# Differentiation From First Principle

### Summary

4 steps to work out differentiation from the First Principle:

1. Give increments to both x & y i.e $\Delta x,\quad \Delta y$.
2. Find change $\Delta y$ of y.
3. Find rate of change of y with respect to x i.e $\frac { \Delta y }{ \Delta x }$  or $\frac { dy }{ dx }$.
4. Take the limit of $\frac { \Delta y }{ \Delta x }$  as $\Delta x\quad \rightarrow \quad 0$.

We know that the gradient of a line is always constant and can be found from the following equation: $Gradient\quad =\quad \frac { { y }_{ 2 }\quad -\quad { y }_{ 1 } }{ { x }_{ 2 }\quad -\quad { x }_{ 1 } }$ $=\quad \frac { difference\quad in\quad y\quad coordinate }{ difference\quad in\quad x\quad coordinate }$

A curve is not a straight line, hence its gradient is still not constant. It is changing from one point to another point on the curve. So we don’t have a set gradient for a curve.

Consider two points $P({ x }_{ 1 },\quad { y }_{ 1 })$ and $Q({ x }_{ 2 },\quad { y }_{ 2 })$ on a curve in ‘Fig 1’. The gradient of the straight line: $PQ\quad =\quad \frac { { y }_{ 2 }\quad -\quad { y }_{ 1 } }{ { x }_{ 2 }\quad -\quad { x }_{ 1 } }$

If we move from point Q towards point P, we are actually moving from ${ x }_{ 2 }$ towards ${ x }_{ 1 }$ and from $y_{ 2 }$ towards $y_{ 1 }$.

Hence when Q approaches , the line PQ becomes the tangent line at P.

We can say that now the gradient of line PQ is ‘m’ which is also known as the gradient of the curve at point P. Also ‘m’ is the gradient of the tangent at P.

Therefore, we define the gradient of a curve at a point P to be the gradient of the tangent drawn at that point.

We now find the gradient of a curve by the method known as ‘differentiation from the first principle’.

#### What is differentiation from the first principle?

To start of with, consider a curve with equation $y\quad =\quad { x }^{ 2 }$. Let P and Q be two points on the curve with coordinates P(x, y) and $Q(x\quad +\quad \Delta x,\quad y\quad +\quad \Delta y)$ where $\Delta x$ and $\Delta y$ represent small increments in x and y respectively.

For: $y\quad =\quad { x }^{ 2 }$

Step 1: $y\quad +\quad \Delta y\quad =\quad { (x\quad +\quad \Delta x) }^{ 2 }$ $y\quad +\quad \Delta y\quad =\quad { x }^{ 2 }\quad +\quad { (\Delta x) }^{ 2 }\quad +\quad 2x(\Delta x)$

Step 2:

Make $\Delta y$ the subject $\Delta y\quad =\quad { x }^{ 2 }\quad +\quad { (\Delta x) }^{ 2 }\quad +\quad 2x(\Delta x)\quad -\quad y$

Substitute $y\quad =\quad { x }^{ 2 }$  in the above equation $\Delta y\quad =\quad { x }^{ 2 }\quad +\quad { (\Delta x) }^{ 2 }\quad +\quad 2x(\Delta x)\quad -\quad { x }^{ 2 }$ $\Delta y\quad =\quad { (\Delta x) }^{ 2 }\quad +\quad 2x(\Delta x)$

As $\Delta x$ is common we take it to the other side of the equation.

Step 3: $\frac { \Delta y }{ \Delta x } \quad =\quad \Delta x\quad +\quad 2x$

As Q approaches P $\Delta x$ becomes smaller and smaller and eventually becomes zero. At this instance, the gradient of PQ becomes the gradient of the tangent at P.

Step 4:

As $Q\quad \rightarrow \quad P$,  gradient of $QP\quad =\quad \lim _{ \Delta x\rightarrow 0 }{ (\frac { \Delta y }{ \Delta x } ) }$ $=\quad \lim _{ \Delta x\rightarrow 0 }{ (\Delta x\quad +\quad 2x) }$ $=\quad 0\quad +\quad 2x$ $=\quad 2x$ $\lim _{ \Delta x\rightarrow 0 }{ (\frac { \Delta y }{ \Delta x } ) }$  is called the differential coefficient of y with respect to x OR derivative of y with respect to x and is symbolically written as $\frac { dy }{ dx }$.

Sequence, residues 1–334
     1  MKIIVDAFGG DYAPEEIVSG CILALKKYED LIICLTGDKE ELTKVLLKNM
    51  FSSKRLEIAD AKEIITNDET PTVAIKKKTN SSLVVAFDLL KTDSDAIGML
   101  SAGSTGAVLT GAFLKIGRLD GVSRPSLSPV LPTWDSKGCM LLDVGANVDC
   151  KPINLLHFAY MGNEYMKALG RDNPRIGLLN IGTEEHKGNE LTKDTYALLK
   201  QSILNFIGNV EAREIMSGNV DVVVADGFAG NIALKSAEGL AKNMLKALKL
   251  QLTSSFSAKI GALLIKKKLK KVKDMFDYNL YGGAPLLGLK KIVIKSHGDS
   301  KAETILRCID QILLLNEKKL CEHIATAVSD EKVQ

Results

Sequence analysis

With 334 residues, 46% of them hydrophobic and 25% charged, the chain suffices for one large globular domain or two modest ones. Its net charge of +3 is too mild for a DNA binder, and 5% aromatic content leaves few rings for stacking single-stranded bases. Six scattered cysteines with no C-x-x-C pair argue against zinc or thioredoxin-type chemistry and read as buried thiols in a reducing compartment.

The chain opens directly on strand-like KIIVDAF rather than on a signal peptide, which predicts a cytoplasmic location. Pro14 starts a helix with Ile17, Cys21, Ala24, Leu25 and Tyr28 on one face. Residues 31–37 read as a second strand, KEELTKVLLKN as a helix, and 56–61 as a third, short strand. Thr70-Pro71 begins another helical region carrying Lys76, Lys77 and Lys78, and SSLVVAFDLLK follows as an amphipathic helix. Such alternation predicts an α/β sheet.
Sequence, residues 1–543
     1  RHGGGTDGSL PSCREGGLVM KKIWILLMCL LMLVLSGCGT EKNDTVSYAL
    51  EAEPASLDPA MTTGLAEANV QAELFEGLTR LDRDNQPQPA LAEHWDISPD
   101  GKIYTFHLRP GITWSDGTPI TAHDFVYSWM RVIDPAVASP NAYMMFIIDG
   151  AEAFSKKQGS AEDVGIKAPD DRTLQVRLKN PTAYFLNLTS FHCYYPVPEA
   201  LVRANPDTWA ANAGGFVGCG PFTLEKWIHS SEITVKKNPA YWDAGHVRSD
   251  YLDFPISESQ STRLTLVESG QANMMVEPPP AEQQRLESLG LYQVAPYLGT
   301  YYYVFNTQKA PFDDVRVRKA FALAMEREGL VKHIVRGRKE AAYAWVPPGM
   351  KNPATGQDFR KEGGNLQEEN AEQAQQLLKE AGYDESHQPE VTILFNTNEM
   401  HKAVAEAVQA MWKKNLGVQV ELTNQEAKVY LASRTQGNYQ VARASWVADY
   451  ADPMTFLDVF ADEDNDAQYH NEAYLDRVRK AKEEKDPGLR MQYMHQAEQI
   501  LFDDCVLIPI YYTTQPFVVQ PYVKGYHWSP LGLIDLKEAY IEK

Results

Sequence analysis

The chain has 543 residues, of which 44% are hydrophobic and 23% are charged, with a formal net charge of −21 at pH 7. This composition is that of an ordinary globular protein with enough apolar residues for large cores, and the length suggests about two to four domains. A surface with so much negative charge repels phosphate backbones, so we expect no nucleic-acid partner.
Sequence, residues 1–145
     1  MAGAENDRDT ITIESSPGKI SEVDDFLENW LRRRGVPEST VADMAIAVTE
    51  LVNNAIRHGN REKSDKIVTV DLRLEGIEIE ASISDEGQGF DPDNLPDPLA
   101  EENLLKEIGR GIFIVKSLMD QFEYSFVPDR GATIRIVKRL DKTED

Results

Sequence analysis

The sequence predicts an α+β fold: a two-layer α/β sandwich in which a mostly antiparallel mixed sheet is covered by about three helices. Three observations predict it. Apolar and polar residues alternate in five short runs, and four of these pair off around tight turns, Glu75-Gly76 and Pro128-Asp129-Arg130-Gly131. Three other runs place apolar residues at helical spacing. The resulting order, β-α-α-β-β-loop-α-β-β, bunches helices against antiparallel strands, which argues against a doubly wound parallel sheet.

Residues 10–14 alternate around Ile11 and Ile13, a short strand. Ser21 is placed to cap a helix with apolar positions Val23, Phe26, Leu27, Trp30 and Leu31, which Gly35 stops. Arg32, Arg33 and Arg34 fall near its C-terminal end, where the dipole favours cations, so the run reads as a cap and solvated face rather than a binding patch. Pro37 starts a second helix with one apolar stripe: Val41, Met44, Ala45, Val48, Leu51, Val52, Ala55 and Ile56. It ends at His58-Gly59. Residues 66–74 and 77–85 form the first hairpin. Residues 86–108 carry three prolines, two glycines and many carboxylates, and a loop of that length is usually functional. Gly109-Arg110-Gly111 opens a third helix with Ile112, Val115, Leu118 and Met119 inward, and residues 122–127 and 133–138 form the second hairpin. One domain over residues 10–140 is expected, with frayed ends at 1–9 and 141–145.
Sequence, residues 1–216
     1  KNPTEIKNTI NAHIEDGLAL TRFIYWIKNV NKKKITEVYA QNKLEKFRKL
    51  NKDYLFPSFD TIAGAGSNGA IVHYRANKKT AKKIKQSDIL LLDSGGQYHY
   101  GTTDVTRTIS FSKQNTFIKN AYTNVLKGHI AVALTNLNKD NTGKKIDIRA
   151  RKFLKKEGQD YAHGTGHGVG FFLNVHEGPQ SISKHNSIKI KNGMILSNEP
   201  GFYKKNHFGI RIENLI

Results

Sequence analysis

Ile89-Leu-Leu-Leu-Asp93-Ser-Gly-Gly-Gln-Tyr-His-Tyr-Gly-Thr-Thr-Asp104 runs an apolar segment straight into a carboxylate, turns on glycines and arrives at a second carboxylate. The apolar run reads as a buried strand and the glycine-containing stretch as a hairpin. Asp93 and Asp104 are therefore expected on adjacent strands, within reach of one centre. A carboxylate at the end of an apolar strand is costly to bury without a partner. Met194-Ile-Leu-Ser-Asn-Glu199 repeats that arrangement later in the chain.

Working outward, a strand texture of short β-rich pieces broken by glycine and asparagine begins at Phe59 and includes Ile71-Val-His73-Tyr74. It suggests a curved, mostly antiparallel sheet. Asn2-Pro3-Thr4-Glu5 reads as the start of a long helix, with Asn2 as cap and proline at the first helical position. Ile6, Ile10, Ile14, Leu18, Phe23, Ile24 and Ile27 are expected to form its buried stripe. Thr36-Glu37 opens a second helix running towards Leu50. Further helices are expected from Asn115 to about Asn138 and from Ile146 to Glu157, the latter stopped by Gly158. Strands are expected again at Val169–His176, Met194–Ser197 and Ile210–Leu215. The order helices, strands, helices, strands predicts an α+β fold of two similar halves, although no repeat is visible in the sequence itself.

The above method of finding the differential coefficient of y with respect to x is known as “Differentiation from the First Principles”.

It involves four steps:

 Step 1 Give increments to both x & y i.e $\Delta x,\quad \Delta y$ $\Delta x,\quad \Delta y$ Step 2 Find change $\Delta y$ $\Delta y$ of y Step 3 Find rate of change of y with respect to x i.e $\frac { \Delta y }{ \Delta x } \quad or\quad \frac { dy }{ dx }$ $\frac { \Delta y }{ \Delta x } \quad or\quad \frac { dy }{ dx }$ Step 4 Take the limit of $\frac { \Delta y }{ \Delta x } \quad as\quad \Delta x\quad \rightarrow \quad 0$ $\frac { \Delta y }{ \Delta x } \quad as\quad \Delta x\quad \rightarrow \quad 0$

#### Example #1

Q. Differentiate $\frac { 2 }{ x }$ with respect to x from the First Principle.

Firstly, let $y\quad =\quad \frac { 2 }{ x } \quad \quad \quad \quad \quad \rightarrow \quad equation\quad 1$

Step 1:

Giving increments to x & y $y\quad +\quad \Delta y\quad =\quad \frac { 2 }{ x\quad +\quad \Delta x }$

Step 2: $\Delta y\quad =\quad \frac { 2 }{ x\quad +\quad \Delta x } \quad -\quad y$

Substitute equation 1 in the above equation $\Delta y\quad =\quad \frac { 2 }{ x\quad +\quad \Delta x } \quad -\quad \frac { 2 }{ x }$ $\quad =\quad \frac { 2x\quad -2x\quad -2\Delta x }{ x(x\quad +\quad \Delta x) }$ $\quad =\quad \frac { -2\Delta x }{ x(x\quad +\quad \Delta x) }$

Step 3:

Divide both sides by $\Delta x$ $\frac { \Delta y }{ \Delta x } \quad =\quad \frac { -2\Delta x }{ x(x\quad +\quad \Delta x)\Delta x }$ $\frac { \Delta y }{ \Delta x } \quad =\quad \frac { -2 }{ x(x\quad +\quad \Delta x) }$

Step 4:

When $\Delta x\quad \rightarrow \quad 0$ $\lim _{ \Delta x\rightarrow 0 }{ \frac { \Delta y }{ \Delta x } } \quad =\quad \lim _{ \Delta x\rightarrow 0 }{ (\frac { -2 }{ x(x\quad +\quad \Delta x) } ) }$ $=\quad (\frac { -2 }{ x(x\quad +\quad 0) } )$

Ans: $\frac { \Delta y }{ \Delta x } \quad =\quad \frac { -2 }{ { x }^{ 2 } }$